Relationship Between Body Mass Index and Heart Disease |

Relationship Between Body Mass Index and Heart Disease

The fat in your body plays an important role in the development of certain diseases.

Posted on

20 August 2017

Last updated on 26 February 2018
Relationship Between Body Mass Index and Heart Disease
It is not just how much fat you have, or your weight, but rather, the distribution of fat in your body that plays an important role in the development of certain diseases.
Latest scientific evidence has reported that waist-to-hip ratio may be another valuable marker, if not a greater indicator of some cardiovascular illnesses (ex. coronary heart disease, stroke) than the commonly-used measure of BMI. Elevated central or abdominal body fat (measured by waist-to-hip ratio), is significantly associated with higher risks of coronary heart disease and type 2 diabetes. It was also shown that abdominal obesity has a stronger effect on stroke risk than BMI.

While it is difficult to disentangle the two measures, they should both be taken into account when estimating the impact of fat distribution on health and identifying patients at risk of cardiovascular diseases.

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By Ms. Ayla Coussa
By Ms. Ayla Coussa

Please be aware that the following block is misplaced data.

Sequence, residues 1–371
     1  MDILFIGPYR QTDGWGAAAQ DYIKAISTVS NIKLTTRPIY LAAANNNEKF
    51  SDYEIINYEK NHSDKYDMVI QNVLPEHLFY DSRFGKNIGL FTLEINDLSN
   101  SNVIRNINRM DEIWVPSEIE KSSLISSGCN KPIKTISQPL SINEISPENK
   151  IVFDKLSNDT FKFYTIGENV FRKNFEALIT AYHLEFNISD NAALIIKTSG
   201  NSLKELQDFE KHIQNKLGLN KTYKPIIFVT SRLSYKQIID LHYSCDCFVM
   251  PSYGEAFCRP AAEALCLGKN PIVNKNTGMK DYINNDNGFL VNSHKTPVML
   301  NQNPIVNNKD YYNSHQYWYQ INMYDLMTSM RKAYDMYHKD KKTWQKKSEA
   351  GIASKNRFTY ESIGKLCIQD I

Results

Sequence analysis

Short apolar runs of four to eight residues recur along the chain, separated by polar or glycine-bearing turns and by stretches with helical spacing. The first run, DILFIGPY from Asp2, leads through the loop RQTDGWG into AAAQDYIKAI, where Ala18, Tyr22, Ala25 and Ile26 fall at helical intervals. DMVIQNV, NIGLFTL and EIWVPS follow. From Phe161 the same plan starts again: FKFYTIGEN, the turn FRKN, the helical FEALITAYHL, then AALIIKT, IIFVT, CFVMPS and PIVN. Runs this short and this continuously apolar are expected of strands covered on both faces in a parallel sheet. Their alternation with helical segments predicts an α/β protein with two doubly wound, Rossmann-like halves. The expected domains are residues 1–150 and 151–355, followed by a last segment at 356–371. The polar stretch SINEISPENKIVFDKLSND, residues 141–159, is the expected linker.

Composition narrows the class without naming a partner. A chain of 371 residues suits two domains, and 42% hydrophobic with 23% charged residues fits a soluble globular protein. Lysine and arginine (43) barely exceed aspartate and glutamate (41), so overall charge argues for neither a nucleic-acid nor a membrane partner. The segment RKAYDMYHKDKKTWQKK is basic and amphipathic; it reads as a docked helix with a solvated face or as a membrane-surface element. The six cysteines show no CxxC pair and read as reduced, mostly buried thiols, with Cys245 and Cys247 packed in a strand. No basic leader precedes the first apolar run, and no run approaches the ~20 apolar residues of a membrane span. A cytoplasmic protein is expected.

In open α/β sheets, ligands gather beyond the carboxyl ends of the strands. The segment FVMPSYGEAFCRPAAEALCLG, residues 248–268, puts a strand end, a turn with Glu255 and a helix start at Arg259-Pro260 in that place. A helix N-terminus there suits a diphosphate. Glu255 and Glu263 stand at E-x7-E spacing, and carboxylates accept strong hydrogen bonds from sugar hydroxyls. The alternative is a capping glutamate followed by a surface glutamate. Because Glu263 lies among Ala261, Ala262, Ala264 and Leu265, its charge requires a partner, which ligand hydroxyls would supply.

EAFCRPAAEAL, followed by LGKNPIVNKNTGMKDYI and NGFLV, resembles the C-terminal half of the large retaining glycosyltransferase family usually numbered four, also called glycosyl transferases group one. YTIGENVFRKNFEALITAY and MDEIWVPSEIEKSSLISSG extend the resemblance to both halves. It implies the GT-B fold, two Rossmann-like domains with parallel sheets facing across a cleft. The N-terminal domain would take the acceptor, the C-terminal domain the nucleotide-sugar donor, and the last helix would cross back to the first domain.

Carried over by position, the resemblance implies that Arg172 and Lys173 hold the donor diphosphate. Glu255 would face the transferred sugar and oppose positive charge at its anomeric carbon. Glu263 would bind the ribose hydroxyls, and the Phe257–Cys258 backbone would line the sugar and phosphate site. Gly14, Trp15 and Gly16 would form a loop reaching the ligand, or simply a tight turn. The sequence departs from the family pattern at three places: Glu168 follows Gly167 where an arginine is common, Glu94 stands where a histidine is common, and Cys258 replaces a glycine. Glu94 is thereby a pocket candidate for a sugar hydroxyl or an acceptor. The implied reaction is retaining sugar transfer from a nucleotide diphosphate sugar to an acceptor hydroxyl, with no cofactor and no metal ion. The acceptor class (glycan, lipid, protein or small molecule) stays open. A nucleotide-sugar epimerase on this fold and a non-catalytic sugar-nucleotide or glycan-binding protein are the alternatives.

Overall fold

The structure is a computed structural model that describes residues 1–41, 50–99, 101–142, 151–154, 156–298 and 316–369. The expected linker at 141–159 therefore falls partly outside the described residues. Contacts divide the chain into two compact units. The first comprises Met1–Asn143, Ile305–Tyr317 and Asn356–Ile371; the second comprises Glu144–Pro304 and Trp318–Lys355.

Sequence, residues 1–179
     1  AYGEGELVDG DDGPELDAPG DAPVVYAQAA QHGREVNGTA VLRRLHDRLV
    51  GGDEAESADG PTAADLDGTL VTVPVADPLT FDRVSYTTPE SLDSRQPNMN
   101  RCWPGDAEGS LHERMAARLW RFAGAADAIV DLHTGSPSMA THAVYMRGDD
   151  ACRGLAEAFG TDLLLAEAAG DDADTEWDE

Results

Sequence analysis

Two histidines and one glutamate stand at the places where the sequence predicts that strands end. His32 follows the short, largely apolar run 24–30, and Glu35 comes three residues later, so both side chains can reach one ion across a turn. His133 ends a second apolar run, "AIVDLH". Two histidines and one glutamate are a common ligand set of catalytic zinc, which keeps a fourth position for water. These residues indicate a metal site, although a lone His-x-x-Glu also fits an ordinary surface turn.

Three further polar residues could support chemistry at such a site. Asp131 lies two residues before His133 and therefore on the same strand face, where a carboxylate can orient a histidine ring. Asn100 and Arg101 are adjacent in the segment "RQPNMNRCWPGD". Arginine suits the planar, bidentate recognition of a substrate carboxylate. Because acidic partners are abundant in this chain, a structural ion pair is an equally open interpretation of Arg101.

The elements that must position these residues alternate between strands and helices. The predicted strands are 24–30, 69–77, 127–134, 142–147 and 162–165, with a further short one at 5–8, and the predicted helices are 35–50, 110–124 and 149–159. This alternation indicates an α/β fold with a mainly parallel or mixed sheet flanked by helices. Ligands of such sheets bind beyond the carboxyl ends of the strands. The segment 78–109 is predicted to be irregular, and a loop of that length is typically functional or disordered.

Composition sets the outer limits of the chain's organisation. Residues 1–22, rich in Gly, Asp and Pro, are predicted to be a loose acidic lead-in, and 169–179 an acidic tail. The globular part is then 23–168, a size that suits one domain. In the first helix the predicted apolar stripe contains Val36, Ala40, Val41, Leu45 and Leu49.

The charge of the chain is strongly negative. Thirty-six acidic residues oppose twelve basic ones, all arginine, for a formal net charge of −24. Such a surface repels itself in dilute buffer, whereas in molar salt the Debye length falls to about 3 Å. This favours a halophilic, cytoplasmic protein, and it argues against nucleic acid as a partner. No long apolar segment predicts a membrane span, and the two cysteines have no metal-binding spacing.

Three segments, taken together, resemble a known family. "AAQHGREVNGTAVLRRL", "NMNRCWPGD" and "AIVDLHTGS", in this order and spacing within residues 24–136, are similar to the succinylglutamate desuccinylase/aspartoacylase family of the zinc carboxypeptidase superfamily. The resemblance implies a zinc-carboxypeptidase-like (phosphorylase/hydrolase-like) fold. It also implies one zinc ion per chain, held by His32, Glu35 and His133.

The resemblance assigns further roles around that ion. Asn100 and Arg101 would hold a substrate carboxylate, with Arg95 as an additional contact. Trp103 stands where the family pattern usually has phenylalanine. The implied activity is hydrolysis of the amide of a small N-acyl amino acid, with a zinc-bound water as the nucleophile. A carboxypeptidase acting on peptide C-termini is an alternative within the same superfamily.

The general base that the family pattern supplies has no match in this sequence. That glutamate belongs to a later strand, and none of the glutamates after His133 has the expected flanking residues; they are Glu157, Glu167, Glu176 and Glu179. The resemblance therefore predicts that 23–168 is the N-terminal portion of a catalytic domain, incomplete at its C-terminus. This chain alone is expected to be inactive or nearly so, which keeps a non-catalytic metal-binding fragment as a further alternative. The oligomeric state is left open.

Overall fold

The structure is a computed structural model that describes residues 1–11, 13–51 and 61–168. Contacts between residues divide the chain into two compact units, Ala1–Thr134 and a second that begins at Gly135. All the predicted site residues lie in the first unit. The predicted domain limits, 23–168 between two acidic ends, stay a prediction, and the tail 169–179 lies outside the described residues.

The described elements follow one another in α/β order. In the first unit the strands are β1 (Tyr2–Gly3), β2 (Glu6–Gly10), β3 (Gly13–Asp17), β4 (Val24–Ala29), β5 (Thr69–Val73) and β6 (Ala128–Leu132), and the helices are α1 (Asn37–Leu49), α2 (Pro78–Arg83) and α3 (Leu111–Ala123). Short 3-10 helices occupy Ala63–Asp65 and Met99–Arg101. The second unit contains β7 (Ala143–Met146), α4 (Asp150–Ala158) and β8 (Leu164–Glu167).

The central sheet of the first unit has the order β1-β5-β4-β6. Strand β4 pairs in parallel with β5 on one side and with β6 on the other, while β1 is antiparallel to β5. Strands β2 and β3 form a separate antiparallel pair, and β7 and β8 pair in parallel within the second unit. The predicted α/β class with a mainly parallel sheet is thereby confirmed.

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Ms. Ayla Coussa is licensed by the American and Canadian Orders of Dietetics and is the Clinical Dietitian at Fakih IVF. Prior to joining Fakih IVF, Ms. Coussa ran a private practice in dietetics in two polyclinics in Montreal, Canada. Ms. Coussa is specialized in diabetes and weight management and was involved in patients counseling at the Royal Victoria Hospital in Montreal, Canada. Ms. Coussa played a pioneer role in introducing Nutrigenomix©, which is the nutritional analysis test using genetic testing, into the Quebec market in 2012. She has previously worked in Aleppo, Syria on starting-up a dietetic practice in private hospitals. Ms. Coussa has also been involved in academia as a teacher assistant at McGill University (Montreal, Canada) since 2010 and as a guest lecturer in the Department of Dietetics & Human Nutrition since 2012. As a registered dietitian and an ongoing advocate of public wellbeing, Ms. Coussa developed the first Arabic version of the Diabetes Prevention and Management Nutrition tool for the Canadian Diabetes Association. Ms. Coussa’s areas of expertise involve cardiovascular diseases, diabetes, hypertension and obesity.
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